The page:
Social designer and Crip designer Pernilla Manjula Philip graduated from the Sandberg Institute in Design in 2021. Her design practice stems from the experiences of living with a chronic illness. With her designs, Philip wants to facilitate and promote the conversation around chronic illness and justice for people with disabilities. In the coming year, Philip will focus on the gap that arises when healthcare institutions fail to meet, or only partially meet, the needs of people who are dependent on medical treatment. Her project plan has three phases. In the first phase, Philip will develop two workshops, experimenting with different hacking and DIY techniques in relation to medical tools and techniques. At the same time, discussions will take place around the legal and historical aspects of these open-source hacking experiments. Also broader issues around speculative care, security and agency in relation to treatment methods will be addressed in the workshops. Within this phase, Philip will work together with experts such as medical technician Kate Cameron (AMC Amsterdam) and Open Insulin (USA). In the second phase, the designer will explore ways in which she can reinforce and shape the knowledge and questions that emerge during the workshops. For this she will talk to mentor and artist Jesse Darling and will visit the Wellcome Collection (London). In phase 3, Philip will work on a web publication that will be widely accessible through the additions of audio descriptors, image descriptions and closed captioning. Again, Philip will involve various experts, including Casper de Jong. With this approach, Philip aims to shift the focus of her practice from creating end products to a practice that relies on co-learning, co-creation and knowledge sharing.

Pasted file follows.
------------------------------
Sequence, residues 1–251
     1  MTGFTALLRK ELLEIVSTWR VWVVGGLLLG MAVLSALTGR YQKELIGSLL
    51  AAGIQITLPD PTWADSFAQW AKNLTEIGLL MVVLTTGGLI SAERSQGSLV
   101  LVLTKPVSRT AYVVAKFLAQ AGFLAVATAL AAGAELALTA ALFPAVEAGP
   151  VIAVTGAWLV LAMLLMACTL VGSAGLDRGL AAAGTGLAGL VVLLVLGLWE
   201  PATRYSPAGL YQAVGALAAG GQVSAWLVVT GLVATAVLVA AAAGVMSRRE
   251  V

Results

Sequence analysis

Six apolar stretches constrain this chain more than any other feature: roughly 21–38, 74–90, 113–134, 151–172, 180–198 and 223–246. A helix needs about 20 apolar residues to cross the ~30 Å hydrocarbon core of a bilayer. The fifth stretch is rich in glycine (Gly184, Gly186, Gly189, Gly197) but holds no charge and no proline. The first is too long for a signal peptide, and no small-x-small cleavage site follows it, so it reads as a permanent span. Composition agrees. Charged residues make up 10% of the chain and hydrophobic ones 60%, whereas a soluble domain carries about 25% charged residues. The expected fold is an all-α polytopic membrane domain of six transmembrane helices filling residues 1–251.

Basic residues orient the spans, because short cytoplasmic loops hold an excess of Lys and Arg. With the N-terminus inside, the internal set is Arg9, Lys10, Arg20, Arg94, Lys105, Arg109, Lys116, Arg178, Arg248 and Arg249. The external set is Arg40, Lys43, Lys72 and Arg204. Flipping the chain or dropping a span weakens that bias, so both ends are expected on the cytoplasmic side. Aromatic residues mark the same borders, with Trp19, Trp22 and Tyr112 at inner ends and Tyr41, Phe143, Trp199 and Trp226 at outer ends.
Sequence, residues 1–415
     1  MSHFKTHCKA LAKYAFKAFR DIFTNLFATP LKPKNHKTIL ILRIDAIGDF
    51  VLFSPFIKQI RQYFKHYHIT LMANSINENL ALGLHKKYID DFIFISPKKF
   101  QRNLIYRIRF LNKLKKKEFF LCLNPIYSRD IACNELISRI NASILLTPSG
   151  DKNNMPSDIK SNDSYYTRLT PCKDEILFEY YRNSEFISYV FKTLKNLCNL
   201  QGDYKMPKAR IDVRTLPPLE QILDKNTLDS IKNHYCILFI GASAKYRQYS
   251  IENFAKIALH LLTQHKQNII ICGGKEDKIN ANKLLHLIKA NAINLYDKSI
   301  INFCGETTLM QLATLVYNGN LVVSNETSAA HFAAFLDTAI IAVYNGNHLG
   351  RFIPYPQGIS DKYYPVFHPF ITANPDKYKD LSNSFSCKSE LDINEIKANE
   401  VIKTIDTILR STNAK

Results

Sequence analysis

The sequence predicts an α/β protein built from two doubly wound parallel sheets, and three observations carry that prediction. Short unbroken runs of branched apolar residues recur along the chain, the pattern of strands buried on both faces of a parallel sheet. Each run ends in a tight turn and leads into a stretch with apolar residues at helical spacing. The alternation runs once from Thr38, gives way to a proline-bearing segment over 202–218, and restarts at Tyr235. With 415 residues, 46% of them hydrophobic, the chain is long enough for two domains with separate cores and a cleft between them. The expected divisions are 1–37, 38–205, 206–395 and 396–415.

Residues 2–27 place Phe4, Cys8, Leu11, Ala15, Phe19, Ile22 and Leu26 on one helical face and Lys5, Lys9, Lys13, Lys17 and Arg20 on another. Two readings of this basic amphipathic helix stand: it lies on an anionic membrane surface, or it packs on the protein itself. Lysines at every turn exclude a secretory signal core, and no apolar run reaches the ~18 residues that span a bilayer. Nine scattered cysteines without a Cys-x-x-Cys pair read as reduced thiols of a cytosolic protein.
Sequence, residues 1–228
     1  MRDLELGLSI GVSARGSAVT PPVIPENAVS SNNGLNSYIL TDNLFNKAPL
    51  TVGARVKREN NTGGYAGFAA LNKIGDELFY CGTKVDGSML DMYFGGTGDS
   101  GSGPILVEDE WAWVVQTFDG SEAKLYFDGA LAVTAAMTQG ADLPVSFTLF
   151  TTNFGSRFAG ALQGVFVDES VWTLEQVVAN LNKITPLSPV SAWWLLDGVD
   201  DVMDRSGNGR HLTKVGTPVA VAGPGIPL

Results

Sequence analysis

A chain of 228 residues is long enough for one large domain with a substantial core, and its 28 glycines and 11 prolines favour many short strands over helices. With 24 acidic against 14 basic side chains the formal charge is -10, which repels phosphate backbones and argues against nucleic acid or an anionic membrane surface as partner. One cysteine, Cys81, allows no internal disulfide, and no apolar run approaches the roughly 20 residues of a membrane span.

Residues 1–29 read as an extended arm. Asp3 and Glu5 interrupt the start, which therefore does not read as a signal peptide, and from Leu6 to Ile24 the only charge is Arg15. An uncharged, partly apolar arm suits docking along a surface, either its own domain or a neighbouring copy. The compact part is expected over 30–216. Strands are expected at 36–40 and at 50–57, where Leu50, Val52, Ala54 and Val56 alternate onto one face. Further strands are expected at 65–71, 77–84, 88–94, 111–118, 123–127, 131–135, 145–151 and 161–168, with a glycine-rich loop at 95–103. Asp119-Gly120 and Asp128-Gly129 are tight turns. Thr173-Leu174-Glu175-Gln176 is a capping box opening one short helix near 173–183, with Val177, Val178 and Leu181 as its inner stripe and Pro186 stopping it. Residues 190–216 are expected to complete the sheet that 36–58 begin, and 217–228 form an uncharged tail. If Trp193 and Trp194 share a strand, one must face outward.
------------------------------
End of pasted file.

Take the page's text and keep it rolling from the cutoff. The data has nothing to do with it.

Pim Boreel

Pim Boreel